The Baltic states have strengthened their ties with Taiwan, especially in technological cooperation, despite persistent opposition from the People's Republic of China (PRC).

Sixth, the importance of the Baltic Sea Region. The Baltic Sea region is an integral part of the region that cannot be ignored. Regrettably, the Baltic Sea stands as the most polluted sea in Europe, grappling with challenges like biodiversity loss, climate change, eutrophication, overfishing, and heightened contaminants, including pharmaceuticals and litter.

In response to this pressing issue, the European Commission hosted the second edition of the Our Baltic Conference in Palanga, Lithuania, on September 29, 2023. Acknowledging the severe ecosystem problems facing the Baltic Sea, leaders at the conference reached a consensus to enhance and supplement actions that Member States can undertake to improve the health of the Baltic Sea's ecosystem.

Seventh, the Balticconnector Pipeline. A subsea gas pipeline, the Balticonnector, connecting Finland and Estonia under the Baltic Sea, was damaged in October of this year and is yet to be fixed. This particular pipeline is significant for the entire region because it can transport up to 7.2 million cubic metres of gas per day in either direction. The pipeline gives the Baltic nations of Estonia, Latvia and Lithuania more flexibility of supply. Though the impact on energy has been limited due to this particular issue, it has undoubtedly exposed the vulnerability of the Baltic states when it comes to their energy infrastructure.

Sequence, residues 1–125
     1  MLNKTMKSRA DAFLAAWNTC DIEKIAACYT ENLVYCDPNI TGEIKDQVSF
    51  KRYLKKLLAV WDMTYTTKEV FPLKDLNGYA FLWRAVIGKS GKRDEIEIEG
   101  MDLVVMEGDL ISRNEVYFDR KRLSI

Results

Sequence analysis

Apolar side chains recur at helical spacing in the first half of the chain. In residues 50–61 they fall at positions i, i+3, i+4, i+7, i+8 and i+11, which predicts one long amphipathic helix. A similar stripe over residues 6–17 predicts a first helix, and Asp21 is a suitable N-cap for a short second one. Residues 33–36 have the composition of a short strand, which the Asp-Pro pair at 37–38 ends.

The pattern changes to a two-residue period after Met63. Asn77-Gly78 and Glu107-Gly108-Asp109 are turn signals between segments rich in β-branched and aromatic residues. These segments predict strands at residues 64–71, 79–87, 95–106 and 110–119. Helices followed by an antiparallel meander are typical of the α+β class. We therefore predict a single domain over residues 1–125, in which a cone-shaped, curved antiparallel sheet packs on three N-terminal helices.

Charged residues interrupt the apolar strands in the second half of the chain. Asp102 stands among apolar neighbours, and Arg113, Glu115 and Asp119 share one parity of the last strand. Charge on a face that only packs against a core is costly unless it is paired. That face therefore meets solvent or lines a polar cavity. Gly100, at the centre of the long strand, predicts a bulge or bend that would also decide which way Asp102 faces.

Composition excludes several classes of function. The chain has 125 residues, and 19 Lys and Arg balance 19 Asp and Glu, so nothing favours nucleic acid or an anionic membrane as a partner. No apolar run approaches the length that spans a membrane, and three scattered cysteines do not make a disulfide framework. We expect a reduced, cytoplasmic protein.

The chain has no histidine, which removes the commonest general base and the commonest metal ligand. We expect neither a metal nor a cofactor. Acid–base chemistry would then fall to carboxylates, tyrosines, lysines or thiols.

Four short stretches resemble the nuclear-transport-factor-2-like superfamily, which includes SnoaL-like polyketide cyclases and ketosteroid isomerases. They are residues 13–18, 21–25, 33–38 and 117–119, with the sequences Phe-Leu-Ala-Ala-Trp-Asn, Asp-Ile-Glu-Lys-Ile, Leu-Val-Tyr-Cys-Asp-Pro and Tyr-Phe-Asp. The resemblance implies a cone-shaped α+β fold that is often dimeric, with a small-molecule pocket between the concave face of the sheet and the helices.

2024: Looking Ahead
First, the inflation in the Baltic states is still high and cannot be controlled. Defence spending is also at a historic high in the wake of the Ukraine War. This and other factors, such as slow industrial recovery, have posed significant economic challenges to the Baltic states.